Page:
Comparative Cost-Effectiveness Analysis of Vasovasostomy Techniques
A comparative cost analysis of 106 cases reveals that one vasectomy reversal technique offered lower overall costs without compromising efficacy.
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With continued growth in healthcare costs, there is a strong push for providers to look critically at per-case costs to identify opportunities for efficiencies. This is particularly important in the arena of elective procedures, where patients may bear a significant financial burden in the form of high deductible insurance plans, copayments and noncoverage.
One of our areas of focus in Cleveland Clinic’s Department of Urology has been to critically analyze our procedural costs, with an eye toward reducing variable costs without compromising the efficacy of the procedure. Our most recent efforts have involved a careful comparative analysis of our costs for reproductive microsurgery.
Vasectomy remains a major contraceptive technique throughout the world, with more than 500,000 vasectomies performed in the United States each year. For couples who desire conception after vasectomy, vasectomy reversal with microsurgical vasovasostomy remains the gold standard in terms of outcomes and safety, with as many as 6 percent of vasectomized men choosing to pursue this approach.
For most patients, these surgeries are expensive and usually not covered by insurance plans. Costs are primarily driven by lengthy microsurgical procedure times and expensive specialized sutures.
Multiple variations in reconstructive approach have been described for vasovasostomy, but the formal two-layer microsurgical technique remains the gold standard, producing excellent outcomes with respect to patency and pregnancy rates.
Large multicenter trials have shown equal efficacy for a simpler, modified one-layer approach. Because of the greater microsurgical precision, the formal two-layer anastomosis tends to have longer operative times, with requirements for more microsurgical suture (10-0 vs. 9-0) than the modified one-layer repair.
We conducted a comparative cost analysis of 106 patients on whom one of the two different techniques were performed between 2010 and 2015. The two groups were statistically similar in age and time since vasectomy. Specific attention was given to operative times, suture requirements and postoperative outcomes (semen parameters). Cost and surgical outcomes are summarized in Figure 1.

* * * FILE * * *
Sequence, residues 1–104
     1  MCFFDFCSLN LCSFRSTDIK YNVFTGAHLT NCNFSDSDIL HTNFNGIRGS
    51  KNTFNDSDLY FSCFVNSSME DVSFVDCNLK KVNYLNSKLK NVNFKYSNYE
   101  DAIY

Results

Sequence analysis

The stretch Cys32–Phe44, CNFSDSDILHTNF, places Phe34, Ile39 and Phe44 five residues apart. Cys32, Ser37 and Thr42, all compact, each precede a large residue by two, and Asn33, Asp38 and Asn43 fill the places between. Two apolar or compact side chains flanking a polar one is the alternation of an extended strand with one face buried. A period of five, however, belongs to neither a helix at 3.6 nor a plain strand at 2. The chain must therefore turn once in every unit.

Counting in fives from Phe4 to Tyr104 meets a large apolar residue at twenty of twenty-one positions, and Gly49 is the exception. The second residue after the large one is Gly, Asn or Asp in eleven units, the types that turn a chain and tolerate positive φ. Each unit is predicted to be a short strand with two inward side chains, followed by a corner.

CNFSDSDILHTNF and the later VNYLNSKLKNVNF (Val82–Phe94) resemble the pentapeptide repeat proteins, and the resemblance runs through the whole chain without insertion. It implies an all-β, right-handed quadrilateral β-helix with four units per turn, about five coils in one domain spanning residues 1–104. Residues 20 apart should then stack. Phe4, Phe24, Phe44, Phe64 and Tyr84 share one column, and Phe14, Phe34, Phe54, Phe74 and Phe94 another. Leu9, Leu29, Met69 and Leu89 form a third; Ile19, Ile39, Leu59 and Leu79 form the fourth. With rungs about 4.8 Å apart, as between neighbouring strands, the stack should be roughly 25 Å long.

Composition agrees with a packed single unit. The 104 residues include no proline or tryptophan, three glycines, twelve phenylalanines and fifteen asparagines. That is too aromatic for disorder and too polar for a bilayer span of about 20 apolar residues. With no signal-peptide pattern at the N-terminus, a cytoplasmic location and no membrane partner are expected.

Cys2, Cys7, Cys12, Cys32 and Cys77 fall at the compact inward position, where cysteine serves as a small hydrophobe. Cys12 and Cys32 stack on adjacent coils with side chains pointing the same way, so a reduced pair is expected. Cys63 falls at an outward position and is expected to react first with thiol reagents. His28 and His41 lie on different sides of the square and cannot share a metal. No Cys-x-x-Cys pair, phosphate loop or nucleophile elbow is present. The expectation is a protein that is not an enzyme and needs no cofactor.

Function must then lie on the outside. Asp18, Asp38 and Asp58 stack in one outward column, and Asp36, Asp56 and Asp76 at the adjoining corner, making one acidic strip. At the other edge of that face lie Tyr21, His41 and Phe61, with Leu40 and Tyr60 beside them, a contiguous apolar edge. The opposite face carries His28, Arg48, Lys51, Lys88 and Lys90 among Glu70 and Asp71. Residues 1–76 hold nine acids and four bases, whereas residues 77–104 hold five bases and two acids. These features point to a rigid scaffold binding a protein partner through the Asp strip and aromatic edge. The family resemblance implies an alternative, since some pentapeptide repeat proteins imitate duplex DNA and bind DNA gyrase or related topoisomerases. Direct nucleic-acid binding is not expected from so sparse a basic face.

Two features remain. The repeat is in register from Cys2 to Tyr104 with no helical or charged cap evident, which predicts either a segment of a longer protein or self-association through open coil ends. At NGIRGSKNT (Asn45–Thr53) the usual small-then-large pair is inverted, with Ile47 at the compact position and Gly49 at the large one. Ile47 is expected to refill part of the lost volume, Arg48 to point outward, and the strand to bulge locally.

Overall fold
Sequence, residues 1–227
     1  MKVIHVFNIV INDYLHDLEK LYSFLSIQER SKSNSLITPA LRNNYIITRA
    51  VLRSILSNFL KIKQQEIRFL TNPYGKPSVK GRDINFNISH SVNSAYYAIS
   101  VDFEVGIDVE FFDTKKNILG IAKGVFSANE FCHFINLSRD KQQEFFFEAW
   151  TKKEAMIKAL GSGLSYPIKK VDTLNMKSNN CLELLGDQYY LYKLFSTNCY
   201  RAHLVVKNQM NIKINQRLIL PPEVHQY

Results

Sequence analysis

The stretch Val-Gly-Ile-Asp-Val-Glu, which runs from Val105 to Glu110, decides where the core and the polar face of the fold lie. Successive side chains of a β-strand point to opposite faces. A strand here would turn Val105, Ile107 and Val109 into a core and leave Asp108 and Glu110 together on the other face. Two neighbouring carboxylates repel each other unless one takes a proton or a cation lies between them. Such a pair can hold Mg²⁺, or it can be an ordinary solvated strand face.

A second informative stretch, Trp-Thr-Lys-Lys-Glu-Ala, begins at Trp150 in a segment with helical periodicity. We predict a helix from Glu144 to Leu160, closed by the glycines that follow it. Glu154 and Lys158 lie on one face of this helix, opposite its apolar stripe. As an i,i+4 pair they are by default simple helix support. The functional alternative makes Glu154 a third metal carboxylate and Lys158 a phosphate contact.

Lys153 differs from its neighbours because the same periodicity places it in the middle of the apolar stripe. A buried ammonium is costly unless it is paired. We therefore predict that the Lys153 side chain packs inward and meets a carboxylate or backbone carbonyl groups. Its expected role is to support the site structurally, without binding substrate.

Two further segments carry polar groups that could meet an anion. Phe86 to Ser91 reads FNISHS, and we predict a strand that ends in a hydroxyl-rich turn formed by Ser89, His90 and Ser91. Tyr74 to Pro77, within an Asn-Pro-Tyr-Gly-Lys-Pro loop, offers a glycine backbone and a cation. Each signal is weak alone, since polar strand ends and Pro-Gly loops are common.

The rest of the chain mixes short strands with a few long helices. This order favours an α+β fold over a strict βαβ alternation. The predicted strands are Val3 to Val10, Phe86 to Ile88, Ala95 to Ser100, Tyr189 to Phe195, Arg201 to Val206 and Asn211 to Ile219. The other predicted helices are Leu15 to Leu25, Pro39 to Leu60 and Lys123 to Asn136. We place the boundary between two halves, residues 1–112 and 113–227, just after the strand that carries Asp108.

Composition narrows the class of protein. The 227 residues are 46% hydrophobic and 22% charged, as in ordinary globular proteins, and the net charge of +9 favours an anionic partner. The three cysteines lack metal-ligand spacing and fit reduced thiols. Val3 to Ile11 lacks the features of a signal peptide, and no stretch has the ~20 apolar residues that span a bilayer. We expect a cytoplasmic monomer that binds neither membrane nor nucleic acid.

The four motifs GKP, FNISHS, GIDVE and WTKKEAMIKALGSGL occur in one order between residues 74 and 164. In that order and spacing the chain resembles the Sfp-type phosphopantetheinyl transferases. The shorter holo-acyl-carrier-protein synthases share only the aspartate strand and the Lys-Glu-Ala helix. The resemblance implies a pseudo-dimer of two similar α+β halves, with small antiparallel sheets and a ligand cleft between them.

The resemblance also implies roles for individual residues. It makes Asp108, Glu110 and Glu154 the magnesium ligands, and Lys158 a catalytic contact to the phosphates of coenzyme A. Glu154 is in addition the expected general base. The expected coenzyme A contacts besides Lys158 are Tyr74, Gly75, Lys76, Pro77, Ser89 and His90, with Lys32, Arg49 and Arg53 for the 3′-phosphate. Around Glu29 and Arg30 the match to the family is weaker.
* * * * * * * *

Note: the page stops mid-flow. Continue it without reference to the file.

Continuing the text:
Modified one-layer microsurgical reconstruction resulted in shorter operative times and lower disposable and overall cost when compared with formal two-layer vasovasostomy. These efficiencies were accomplished without compromising the efficacy of the procedure as defined by semen parameters.
Ultimately, our challenge across the medical profession remains to deliver the highest-quality affordable care. Our comparative cost analysis of vasectomy reversal is just one step in our journey to make procedures more available to patients who are shouldering an increasing economic burden in healthcare.
Dr. Sabanegh is Cleveland Clinic’s Associate Chief of Staff, Chairman of Glickman Urological & Kidney Institute’s Department of Urology and Director of the Center for Male Fertility. He is also a Professor of Surgery at Cleveland Clinic Lerner College of Medicine.
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Sharma V, Le BV, Sheth KR, et al. Vasectomy demographics and postvasectomy desire for future children: results from a contemporary national survey. Fertil Steril. 2013; 99(7):1880-1885.
Nyame Y, Babbar P, Almassi N, Polackwich A, Sabanegh Jr E. Comparative Cost-Effectiveness Analysis of Modified 1-Layer versus Formal 2-Layer Vasovasostomy Technique. J. Urol. 2015 Sep 24. pii: S0022-5347(15)04802-8. [Epub ahead of print]
Reprinted with permission from Elsevier from Nyame YA, Babbar P, Almassi N, Polackwich AS, Sabanegh E. Comparative Cost-Effectiveness Analysis Modified 1-Layer versus Formal 2-Layer Vasovasostomy Technique. Urol. 2015 Sep 24. Pii: S0022-5347(15)04802-4808. [Epub ahead of print.]